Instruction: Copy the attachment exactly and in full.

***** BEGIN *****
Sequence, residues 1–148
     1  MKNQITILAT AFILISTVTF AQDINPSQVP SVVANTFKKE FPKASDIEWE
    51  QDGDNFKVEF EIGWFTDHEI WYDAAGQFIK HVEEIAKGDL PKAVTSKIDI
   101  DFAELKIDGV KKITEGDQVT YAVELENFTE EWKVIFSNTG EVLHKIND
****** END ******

Sequence, residues 1–148
     1  MKNQITILAT AFILISTVTF AQDINPSQVP SVVANTFKKE FPKASDIEWE
    51  QDGDNFKVEF EIGWFTDHEI WYDAAGQFIK HVEEIAKGDL PKAVTSKIDI
   101  DFAELKIDGV KKITEGDQVT YAVELENFTE EWKVIFSNTG EVLHKIND